Concur Your Fears with Kooch
Have you ever wanted to do something out of your comfort zone? Something out of the ordinary, maybe even something that your friends and family would not approve of? For some people traveling to Iran and joining the nomadic transhumance might be one of those out-of-comfort-zone experiences. Our fears and comfort zones sometimes act in strange ways. You might be the kind of person that loves travel and outdoor adventures and far-off places. But when you hear about a travel opportunity, suddenly it gets hard to decide to go. This is absolutely normal. So we thought to address some of the most prevalent fears with kooch when it comes to traveling with IRANomad Tours. Keep reading this to see if you find any of your own fears in the following lines & how you can overcome your fears with kooch:
1. Travel regulations, AKA, can I get a visa?
Yes, in almost 99% of cases, you can. The tourist visa process for citizens of the USA, UK, and Canada can take a bit longer, but in almost all cases, there is nothing holding you back from visiting Iran. PS. Of course right now because of Covid, traveling to Iran is only available for journalism purposes.
2. What about Covid19?
Covid19 is still a major problem in Iran, but on the other hand, you can use this opportunity to travel in small groups to Iran’s diverse natural landscapes and villages. That’s why visiting the nomads in Iran is very safe, Covid-wise.
3. But I’ve never hiked before! Can I still experience life with the nomads?
Yes, you can! We have varying levels of tours that are perfect for people of different physical fitness. The most important requirement is to have a love for nature, people, and cultures! All the rest can be fixed. For example, there are nomad families that do a slower version of Kooch, while some others take more difficult routes and do it faster. And even if you find yourself drained during the hike, our guides will cheer you on every step of the way.
4. How can I enjoy the nature when I haven’t had a shower for 5 days?
A valid fear, yet we must remind ourselves that not showering, albeit uncomfortable, is not fatal and this experience is meant to show us how nomads live, with all their hardships and challenges. Think of it as an easier version of the “Survivor” contest. You can find ways to clean up if you come upon a river, or you just have to make-do with wet-wipes and splashes of water and changing your clothes until the hiking part is over.
5. I am worried I might not like the food.
Getting used to foreign food is difficult for everyone, but as much as we try to stick to a nomadic diet while we’re with the nomads, we do bring lots of canned food with us that can more or less resemble the food you eat at home. The truth is, by the end of a day spent hiking with the nomads in the Zagros mountains, you will be hungry enough to devour any kind of food and feel satisfied. Plus, once we’re in the cities, trying authentic Iranian food has proved to be a favorite among all the travelers.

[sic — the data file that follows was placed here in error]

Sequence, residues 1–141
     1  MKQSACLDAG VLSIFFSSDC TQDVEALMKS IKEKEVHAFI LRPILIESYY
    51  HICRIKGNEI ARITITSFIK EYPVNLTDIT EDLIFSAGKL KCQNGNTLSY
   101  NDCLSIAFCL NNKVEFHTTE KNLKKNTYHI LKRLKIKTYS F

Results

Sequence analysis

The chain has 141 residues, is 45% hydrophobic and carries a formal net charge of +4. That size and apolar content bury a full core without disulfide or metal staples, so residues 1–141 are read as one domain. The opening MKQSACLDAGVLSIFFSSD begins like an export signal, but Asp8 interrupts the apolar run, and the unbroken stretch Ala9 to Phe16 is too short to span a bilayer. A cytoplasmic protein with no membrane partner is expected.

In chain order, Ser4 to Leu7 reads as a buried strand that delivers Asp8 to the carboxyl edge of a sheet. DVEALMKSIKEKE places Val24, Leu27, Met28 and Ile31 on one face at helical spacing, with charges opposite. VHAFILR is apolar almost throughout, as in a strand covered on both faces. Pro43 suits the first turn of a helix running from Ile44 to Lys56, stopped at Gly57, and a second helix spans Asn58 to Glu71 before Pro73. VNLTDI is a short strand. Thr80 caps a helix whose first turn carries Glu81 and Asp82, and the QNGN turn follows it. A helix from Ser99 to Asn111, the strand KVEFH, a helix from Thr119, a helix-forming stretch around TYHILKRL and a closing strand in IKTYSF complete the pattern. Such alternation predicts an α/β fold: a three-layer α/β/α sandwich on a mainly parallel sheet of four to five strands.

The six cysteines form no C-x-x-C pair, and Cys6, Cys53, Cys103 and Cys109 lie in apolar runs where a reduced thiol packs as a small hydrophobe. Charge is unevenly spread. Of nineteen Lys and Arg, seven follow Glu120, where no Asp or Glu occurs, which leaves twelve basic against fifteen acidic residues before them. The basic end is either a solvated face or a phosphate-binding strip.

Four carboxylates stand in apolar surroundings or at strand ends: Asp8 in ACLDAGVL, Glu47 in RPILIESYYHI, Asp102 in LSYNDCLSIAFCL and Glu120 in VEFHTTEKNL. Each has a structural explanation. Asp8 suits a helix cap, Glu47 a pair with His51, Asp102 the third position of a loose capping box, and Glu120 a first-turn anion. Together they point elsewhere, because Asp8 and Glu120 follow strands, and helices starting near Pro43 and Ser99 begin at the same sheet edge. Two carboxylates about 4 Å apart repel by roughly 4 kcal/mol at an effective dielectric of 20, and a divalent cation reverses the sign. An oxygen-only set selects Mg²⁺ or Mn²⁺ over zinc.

6. How would I survive without internet and phone service?
Even though being disconnected from your loved ones might make them worried for your wellbeing, you can ensure them that you are safe and you will check in with them as soon as the outdoor part of the trip is over. We usually reach a hill where phone service works every two days or so, and when we do, you can send a quick message, or we can send a message on your behalf to your family. You can look at it as a mandatory escape from the online world. Disconnect, and let your mind truly unplug from your other every day worries.
7. Is there a threat of wild animals where we camp at night?
The Zagros region has some bears, coyotes and foxes, but since we sleep where the nomads set up camp, there is no chance that bears would venture so close to where several humans have set up tents. Also, all through the night, the men of the nomad family keep watch around the fire in turn, to stop the wild animals and potential sheep-thieves from approaching.
8. I’m worried I might not be able to form connections with the nomads!
The nomads, just like Iranian people in general, are extremely warm-hearted people that love to host guests. It takes a little bit of time for them to warm up to you, but usually after having a cup of tea around the fire, smiling, and participating in the chores, they will be as loving to you as they are to their own family members. We have seen, many times, that by the end of our trip, both sides are shedding tears and exchanging promises to come back and visit again. Also, the translators/guides won’t leave you alone, and they will help you carry out conversations and form a true bond with the nomads. They are just as curious to learn about your life, as you are about theirs.